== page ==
You can tell a lot about a company by listening in on its conference calls, especially after a disappointing earnings report. Case in point: Creative Technology (NASDAQ:CREAF), which badly missed expectations, but spent very little time, in the report or on the call, dwelling on actual financial results.

So let's get those numbers out right now. Sales dropped 14% from last year, to $241.5 million, and the year-ago profit of $691,000 turned into $21 million of red ink. Gross margins of 15% are not conducive to any kind of profits -- even Wal-Mart (NYSE:WMT) or Dell (NASDAQ:DELL) would make a net loss from that kind of disadvantaged starting point.

Creative spokesman Craig McHugh spent much of the call extolling the virtues of the firm's latest and greatest gadgets, but he did mention that Creative is targeting 20% gross margins for the current quarter, thanks to encouraging sales of high-margin flash-based digital audio and video players. Still, this is a very low-margin company that can't afford to take a whole lot of risks. And it's tough to be a market leader if you never take any chances.

McHugh delved into great detail on the settlement with Apple Computer (NASDAQ:AAPL) over the "Zen patent" lawsuit, which is giving Creative some freedom to move in the short term. Not only has it received settlement payment in full from Apple, to the tune of $100 million, but Creative can now make and sell iPod accessories with Apple's blessing. The company is in talks with other makers of media players to work out licensing deals for that patent. Targets haven't been disclosed, but likely discussion partners include Samsung, Micron (NYSE:MU), and SanDisk (NASDAQ:SNDK), all of which market successful media players with some resemblance to the patent-protected Zen interface.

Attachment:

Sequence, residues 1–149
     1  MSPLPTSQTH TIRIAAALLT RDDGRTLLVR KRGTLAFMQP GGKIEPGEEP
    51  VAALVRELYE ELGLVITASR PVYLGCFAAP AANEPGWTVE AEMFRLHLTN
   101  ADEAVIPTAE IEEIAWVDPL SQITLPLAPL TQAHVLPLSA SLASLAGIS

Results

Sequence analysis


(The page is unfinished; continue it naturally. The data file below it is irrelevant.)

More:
Those new revenue streams could -- should, really -- add up to significant improvements, and Creative hopes to become profitable as early as this quarter, even without the Apple payment. There's a lot riding on that one user interface patent now, and the company would be quite lost without it. The stock isn't what I'd call a screaming bargain or a golden goose, but it does look a lot more appetizing today than at the end of the last quarter. Maybe next time, management might want to talk about the numbers a bit.

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Fool contributor Anders Bylund holds no position in any of the companies discussed here. You can check out Anders' holdings if you like, and Foolishdisclosureis always worth a read.